Mike Gray continues to evangelize DICOM Archives (his latest here and here-registration required) - which I think has interesting parallels with medical devices at the point of care.

Imaging modalities are obviously the medical devices, similar to patient monitors, point of care diagnostics, pumps, vents, etc. at the point of care. The Picture Archiving and Communications System is equivalent to the servers that many of these medical devices communicate, storing data for surveillance, alarm notification and retrospective analysis. The medical device data stored on some device servers are of little value beyond the immediate future (like full disclosure waveform data), while other data has greater long term value (like the CQI data collected by “smart” pumps).

As the servers connected to medical devices proliferate, hospitals will increasingly face the prospect of migrating data from one vendor's server to another. I would imagine some vendors will refuse to offer any migration assistance - what's in it for them? In the radiology world, many migrations are handled by third parties. Here Mike describes the latest evolution in the PACS world:

There are a few “Enhanced” DICOM Archives entering the market. Their
enhancement is the ability to modify the DICOM header created by PACS A
to make it compatible with PACS B, and vice versa. The library of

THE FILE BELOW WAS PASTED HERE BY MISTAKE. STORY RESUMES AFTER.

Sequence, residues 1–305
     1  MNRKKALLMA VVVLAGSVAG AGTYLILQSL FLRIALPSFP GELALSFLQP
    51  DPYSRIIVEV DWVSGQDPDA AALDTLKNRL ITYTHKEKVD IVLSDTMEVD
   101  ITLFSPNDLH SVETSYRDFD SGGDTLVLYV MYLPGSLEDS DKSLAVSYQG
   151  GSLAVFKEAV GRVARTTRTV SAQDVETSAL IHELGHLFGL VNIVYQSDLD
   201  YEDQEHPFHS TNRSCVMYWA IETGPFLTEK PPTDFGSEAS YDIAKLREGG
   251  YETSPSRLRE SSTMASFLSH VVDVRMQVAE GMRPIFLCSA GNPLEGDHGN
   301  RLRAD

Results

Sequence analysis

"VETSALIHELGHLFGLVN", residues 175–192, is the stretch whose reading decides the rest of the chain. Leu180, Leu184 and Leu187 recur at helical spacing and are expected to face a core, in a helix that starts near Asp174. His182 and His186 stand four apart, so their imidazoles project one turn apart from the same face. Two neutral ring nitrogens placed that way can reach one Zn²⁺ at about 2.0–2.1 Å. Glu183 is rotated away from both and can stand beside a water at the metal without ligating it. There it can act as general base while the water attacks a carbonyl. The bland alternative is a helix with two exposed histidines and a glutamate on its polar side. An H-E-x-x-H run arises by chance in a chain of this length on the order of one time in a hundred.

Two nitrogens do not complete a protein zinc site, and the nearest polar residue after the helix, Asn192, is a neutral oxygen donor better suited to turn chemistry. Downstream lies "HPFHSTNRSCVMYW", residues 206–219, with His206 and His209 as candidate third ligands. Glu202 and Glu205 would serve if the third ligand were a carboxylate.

translations used to accomplish this multi-vendor exchange is
ironically the result of real-world data migration experience. (Isn't
it nice to see that there is another return on the painful investment
in data migration?)

Mike uses the term “tag morphing” to describe this translation between proprietary data formats contained in otherwise DICOM compliant records. Imagine tag morphing between smart pump servers for migration. Even more radical, imagine a tag morphing server that simply talks to multiple vendor's medical devices just like a PACS.

It gets interesting when a different PACS queries and retrieves that
same study data. The Enhanced DICOM Archive is capable of translating
that study data to make it compatible with the requesting PACS. Most of
the Enhanced DICOM Archives that I have looked at are also capable of
using the new study Order to trigger a relevant prior pre-fetch and
auto-route the priors to a PACS that is incapable of automatic Q/R from
a foreign archive. The Enhanced DICOM Archive is also capable of
setting a study status tag, so the target PACS will understand that
this is a prior and not a new study. You wouldn't want that mistake.

So the working combination of a PACS from one vendor and an Archive
from another is real. But why would anyone want to do this? Well that
translation capability would come in handy if the Health System found
itself owning several PACS from different vendors. It would also come
in handy when it came time to replace a PACS, because data migration
would not be necessary. And that makes the enhancement worth the
investment and then some.